Is the Ketogenic Diet Safe for Dancers?

July 12, 2018

Although the ketogenic diet has been around since the 1920s as an epilepsy treatment for children, it’s experiencing a new wave of popularity. Thanks in part to social media, where “healthy” keto-friendly recipe videos are going viral, the high-fat, low-carbohydrate diet is gaining ground. But is it safe for dancers?

We checked in with Rachel Fine, registered dietitian nutritionist and founder of To The Pointe Nutrition, to see what eating keto means for dancers.

“Carbohydrates Are Like Gas Is to a Car.”


Carbs are the most efficient fuel source. Photo by Eaters Collective/Unsplash

“If dancers are not supplying their body with carbs,” says, Fine, “they’re not giving it the most efficient fuel source in terms of a performance standpoint and getting through the technical and physical aspects of dance.” The body also needs energy for basic functions like sleeping, walking and talking.

Fine says there’s a misconception that someone’s metabolism would drastically flip like a light switch as soon as they reduce their carbohydrate intake. Not so. “Our body is physiologically designed to burn carbohydrates.” The body has to work harder to burn fat and protein and convert it into energy.

Disrupting the Balance


Your body breaks down healthy fats, like nuts, for essential functions. Photo by Remi Yuan/Unsplash.

When fat, which breaks down into ketones, and protein, which breaks down into amino acids, are recruited for energy, their ability to do their regular jobs suffer. Fat serves many functions, like insulating the body, helping to transport vitamins, and working as an anti-inflammatory, while protein helps build and repair muscles.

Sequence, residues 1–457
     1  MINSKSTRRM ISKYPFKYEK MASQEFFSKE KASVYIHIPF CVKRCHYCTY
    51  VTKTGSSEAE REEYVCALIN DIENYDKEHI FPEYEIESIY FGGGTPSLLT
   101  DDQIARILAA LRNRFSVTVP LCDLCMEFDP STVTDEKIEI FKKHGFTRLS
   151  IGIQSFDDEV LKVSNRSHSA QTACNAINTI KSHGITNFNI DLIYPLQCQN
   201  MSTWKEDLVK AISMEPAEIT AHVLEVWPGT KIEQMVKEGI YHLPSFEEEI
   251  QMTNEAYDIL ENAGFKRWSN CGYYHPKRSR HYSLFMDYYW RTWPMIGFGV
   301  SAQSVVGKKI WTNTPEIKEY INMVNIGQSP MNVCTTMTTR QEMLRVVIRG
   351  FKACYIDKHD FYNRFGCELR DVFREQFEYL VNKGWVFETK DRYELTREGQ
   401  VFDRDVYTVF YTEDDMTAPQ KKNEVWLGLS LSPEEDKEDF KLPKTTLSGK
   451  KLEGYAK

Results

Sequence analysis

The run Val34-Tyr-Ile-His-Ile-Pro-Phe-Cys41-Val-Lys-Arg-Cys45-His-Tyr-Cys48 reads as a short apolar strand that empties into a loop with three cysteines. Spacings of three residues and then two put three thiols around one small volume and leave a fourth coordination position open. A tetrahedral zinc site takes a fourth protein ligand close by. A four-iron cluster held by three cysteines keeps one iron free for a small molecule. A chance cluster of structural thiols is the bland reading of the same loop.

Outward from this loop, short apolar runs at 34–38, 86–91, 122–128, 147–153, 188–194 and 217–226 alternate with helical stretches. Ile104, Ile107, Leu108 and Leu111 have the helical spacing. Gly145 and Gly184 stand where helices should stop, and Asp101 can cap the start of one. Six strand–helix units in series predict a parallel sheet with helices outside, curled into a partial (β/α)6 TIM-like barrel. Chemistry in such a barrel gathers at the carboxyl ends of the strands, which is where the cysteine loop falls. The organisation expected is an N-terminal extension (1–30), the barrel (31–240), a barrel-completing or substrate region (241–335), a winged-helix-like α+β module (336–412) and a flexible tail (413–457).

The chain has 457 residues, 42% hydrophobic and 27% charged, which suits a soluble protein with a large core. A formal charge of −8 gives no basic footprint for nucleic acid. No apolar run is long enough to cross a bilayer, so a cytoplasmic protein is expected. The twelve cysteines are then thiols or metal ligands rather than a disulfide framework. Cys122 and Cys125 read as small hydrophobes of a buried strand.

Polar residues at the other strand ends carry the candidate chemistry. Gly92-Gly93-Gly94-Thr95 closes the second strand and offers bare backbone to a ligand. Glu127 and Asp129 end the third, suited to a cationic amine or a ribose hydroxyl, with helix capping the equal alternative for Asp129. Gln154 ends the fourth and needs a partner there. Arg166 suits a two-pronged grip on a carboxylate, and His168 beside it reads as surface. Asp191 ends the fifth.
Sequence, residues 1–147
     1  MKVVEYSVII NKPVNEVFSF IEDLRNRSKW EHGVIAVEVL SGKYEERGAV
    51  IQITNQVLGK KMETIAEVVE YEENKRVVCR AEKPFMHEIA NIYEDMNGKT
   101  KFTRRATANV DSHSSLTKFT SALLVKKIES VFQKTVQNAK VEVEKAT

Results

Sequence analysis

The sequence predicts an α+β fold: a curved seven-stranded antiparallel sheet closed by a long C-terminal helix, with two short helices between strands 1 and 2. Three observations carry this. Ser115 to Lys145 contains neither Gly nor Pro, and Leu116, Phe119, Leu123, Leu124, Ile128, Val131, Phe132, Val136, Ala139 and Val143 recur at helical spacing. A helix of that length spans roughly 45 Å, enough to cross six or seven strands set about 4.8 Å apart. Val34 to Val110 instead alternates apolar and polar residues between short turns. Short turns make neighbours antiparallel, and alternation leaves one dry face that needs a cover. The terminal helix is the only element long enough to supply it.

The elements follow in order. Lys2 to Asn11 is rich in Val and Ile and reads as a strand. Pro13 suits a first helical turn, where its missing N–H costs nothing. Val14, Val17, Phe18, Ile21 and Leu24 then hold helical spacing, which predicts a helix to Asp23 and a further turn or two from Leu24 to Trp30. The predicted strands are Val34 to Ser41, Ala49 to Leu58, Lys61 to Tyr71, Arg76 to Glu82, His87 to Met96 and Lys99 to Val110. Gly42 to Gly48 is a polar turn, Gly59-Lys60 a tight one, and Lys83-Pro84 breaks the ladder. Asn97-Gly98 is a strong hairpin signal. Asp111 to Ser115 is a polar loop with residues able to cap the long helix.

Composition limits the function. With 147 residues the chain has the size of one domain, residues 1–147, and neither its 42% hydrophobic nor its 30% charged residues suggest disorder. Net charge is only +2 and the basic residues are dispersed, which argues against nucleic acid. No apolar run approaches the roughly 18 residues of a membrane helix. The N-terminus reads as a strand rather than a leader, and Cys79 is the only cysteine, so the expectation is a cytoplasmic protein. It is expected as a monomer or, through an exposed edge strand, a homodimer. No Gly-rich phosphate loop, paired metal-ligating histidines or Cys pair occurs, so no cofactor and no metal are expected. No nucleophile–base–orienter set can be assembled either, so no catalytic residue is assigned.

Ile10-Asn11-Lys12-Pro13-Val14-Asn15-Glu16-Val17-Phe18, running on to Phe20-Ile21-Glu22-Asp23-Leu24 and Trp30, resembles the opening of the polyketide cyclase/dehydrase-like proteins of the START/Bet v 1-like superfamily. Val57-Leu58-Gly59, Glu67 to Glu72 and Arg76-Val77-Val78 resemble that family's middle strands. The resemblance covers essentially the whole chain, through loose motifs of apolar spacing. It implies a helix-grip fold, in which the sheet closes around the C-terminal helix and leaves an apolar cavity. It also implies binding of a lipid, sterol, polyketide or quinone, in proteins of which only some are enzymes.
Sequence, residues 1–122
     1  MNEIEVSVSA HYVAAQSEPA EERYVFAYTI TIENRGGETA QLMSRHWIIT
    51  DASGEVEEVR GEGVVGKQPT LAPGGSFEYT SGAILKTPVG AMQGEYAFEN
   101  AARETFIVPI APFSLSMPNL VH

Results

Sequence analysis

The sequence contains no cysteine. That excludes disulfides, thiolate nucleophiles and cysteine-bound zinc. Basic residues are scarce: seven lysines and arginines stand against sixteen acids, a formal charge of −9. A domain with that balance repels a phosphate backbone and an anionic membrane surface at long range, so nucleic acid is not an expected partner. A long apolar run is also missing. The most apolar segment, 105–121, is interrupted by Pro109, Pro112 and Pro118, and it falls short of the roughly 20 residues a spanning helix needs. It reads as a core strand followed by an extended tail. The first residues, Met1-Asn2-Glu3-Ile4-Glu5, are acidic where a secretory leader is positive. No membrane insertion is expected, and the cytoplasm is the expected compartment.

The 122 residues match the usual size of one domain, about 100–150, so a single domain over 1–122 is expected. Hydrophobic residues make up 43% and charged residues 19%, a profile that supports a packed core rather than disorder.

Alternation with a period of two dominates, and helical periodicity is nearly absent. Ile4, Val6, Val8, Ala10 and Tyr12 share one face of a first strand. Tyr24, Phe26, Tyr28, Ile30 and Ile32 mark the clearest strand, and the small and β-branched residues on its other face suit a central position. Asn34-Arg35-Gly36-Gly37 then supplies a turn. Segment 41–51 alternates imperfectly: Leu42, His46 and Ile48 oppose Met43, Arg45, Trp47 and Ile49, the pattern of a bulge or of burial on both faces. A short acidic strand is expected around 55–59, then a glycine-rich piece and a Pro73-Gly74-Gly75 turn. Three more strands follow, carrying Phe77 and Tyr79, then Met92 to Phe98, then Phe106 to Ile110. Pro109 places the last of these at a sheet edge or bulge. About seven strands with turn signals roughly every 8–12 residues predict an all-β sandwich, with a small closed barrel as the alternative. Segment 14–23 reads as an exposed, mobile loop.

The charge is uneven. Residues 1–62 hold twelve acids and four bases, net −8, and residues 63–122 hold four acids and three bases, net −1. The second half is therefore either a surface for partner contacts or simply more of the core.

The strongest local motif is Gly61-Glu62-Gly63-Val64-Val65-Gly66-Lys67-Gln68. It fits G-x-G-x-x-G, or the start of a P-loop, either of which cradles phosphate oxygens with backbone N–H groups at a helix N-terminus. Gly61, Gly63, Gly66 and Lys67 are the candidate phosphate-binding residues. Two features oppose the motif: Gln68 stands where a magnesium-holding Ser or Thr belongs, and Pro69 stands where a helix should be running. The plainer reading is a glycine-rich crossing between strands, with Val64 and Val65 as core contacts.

Negative Effects for Dancers

Unless you’ve been advised to eat a ketogenic diet for medical reasons and are under the close supervision of a doctor and dietitian, keto is not recommended for dancers. Fine mentions a host of effects that can negatively impact your dancing:

Sluggishness

Photo by Caju Gomes/Unsplash

Without enough carbohydrates, dancers may feel fatigued because the body won’t be as efficient at producing energy.

{“adCodes”: [], “adsOrder”: [3]}

{“product_info”: {“caption”: “Buy Now”, “product_price”: 0, “product_vendor”: false, “linkout_url”: false, “product_compare_at_price”: 0}, “headline”: “Sluggishness”, “credit”: “”, “description”: “u003cpu003eWithout enough carbohydrates, dancers may feel fatigued because the body won’t be as efficient at producing energy.u003c/pu003e”, “caption”: “u003cpu003ePhoto by Caju Gomes/Unsplashu003c/pu003e”}

{“product_info”: {“caption”: “Buy Now”, “product_price”: 0, “product_vendor”: false, “linkout_url”: false, “product_compare_at_price”: 0}, “headline”: “Muscle Loss”, “credit”: “”, “description”: “u003cpu003eWhen the body starts relying on protein as another energy source, it’s not able to focus on building and repairing muscle like usual. “Just doing fondues at the barre, you’re making small tears within your muscles that need to be repaired at the end of the day,” says Fine. Muscle breakdown and muscle loss would become a concern.u003c/pu003e”, “caption”: “u003cpu003ePhoto by Scott Webb/Unsplashu003c/pu003e”}